This contract would send a message that the Mets are going to do right by their homegrown players and reward them when they produce up to expectations.

That may not directly help them on the baseball field, but to fans who feel alienated by years of losing and front office decisions motivated by slashing payroll and accumulating prospects, it would be a good way to harbor some good faith – and get them to come out to Citi Field.

Of course, a Murphy extension also raises the question of what to do with Wilmer Flores, whose only defensive positions are third base, occupied by the best in baseball, and second base, occupied by Murphy.

Those concerns can be addressed at a later date, however, because Flores is still only 21-years-old, and clearly could stand a little more seasoning down in AAA (I’ll share my opinions on Flores in a future column).

So to answer the question that is the title of this article, yes, the Mets absolutely should extend Murphy, and usher in a new era of baseball in Flushing.

Hopefully one filled with October baseball.

Joe Vasile is a play-by-play announcer for Widener Pride football and the host of “Ball Four” on WTSR in Trenton.  Follow him on Twitter at @JoeVasilePBP.

14 comments for “Should the Mets think about extending Daniel Murphy?

  1. Name
    September 25, 2013 at 5:32 pm

    I wouldn’t extend him for a few reasons.
    1) His hitting is trending in the wrong direction. He’s also become a very streaky hitter. When he’s on he pulls and drives the ball and when he’s not he tries to slap it like Ichiro. He’s doing too much slapping recently and that disturbs me.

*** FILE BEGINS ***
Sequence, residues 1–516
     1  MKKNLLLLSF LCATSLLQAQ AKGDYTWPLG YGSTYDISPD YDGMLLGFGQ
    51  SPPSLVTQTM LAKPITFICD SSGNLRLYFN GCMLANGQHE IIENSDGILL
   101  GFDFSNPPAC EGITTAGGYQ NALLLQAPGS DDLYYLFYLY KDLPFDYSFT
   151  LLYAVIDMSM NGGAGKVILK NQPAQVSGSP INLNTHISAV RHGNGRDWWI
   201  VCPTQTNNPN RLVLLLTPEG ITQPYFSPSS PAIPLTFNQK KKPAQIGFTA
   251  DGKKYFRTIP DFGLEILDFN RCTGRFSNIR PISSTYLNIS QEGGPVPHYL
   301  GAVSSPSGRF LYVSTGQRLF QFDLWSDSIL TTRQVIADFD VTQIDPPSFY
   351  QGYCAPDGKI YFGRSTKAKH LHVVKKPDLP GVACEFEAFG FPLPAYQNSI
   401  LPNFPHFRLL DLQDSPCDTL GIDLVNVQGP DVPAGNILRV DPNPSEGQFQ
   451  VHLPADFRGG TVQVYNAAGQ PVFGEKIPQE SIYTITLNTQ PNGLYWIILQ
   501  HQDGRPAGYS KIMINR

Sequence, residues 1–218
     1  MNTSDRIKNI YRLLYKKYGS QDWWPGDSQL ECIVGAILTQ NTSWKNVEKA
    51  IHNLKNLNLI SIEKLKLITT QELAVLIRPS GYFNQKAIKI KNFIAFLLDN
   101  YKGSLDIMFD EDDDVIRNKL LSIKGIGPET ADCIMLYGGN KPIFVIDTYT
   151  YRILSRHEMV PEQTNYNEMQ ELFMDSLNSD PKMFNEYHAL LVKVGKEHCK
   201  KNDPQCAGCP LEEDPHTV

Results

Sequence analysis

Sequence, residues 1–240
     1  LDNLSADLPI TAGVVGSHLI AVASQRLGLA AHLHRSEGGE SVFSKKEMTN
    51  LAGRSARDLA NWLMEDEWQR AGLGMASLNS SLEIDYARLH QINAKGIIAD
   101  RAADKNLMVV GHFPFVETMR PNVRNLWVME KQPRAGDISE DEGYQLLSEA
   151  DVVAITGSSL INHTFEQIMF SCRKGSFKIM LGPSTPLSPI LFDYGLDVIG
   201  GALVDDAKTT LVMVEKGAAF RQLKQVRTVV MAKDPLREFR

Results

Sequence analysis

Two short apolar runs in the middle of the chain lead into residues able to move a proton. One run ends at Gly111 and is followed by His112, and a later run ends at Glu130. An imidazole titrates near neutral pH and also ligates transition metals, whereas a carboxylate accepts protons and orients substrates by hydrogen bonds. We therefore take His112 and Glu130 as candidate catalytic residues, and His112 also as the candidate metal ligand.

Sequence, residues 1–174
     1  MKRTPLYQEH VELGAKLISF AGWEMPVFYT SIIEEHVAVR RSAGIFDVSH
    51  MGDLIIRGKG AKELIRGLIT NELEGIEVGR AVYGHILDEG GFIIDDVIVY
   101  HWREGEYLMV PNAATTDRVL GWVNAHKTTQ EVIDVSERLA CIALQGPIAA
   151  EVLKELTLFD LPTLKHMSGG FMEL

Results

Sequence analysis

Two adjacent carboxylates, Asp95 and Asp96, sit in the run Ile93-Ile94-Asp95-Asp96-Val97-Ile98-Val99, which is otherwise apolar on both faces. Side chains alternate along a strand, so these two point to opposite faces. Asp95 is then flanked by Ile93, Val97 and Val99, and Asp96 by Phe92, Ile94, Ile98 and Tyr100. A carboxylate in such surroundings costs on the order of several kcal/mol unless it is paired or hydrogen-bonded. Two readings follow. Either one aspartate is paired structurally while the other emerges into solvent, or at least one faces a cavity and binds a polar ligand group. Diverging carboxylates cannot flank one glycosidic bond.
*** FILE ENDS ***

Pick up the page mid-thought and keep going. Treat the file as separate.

2) Flexibility. The Mets keep the option of trading Murphy open if they do not signing him.
    3) A lot of his value this year is derived from his baserunning, and i expect the next couple of years that pitchers will be paying a lot more attention to Murphy on the basepaths which will probably reduce his stolen base rate.
    4) If we do wish to extend him, I don’t see any extra benefit of signing him next year compared to this year.

    So yea, he still has 2 more years of arbitration. I would wait at least until next offseason to entertain extending him. This year Alderson should focus on other things.

  2. kjs
    September 25, 2013 at 9:59 pm

    WAR is fun, but indicating that Murphy’s 2013 is worth 15M also makes WAR a ludicrous indicator of actual value, imho.

    He’s worth keeping to the degree that we have so many other disasters to address on and off the field. And he’s a good guy. I’d rather see him eventually transform into our bench guy who can DH and PH.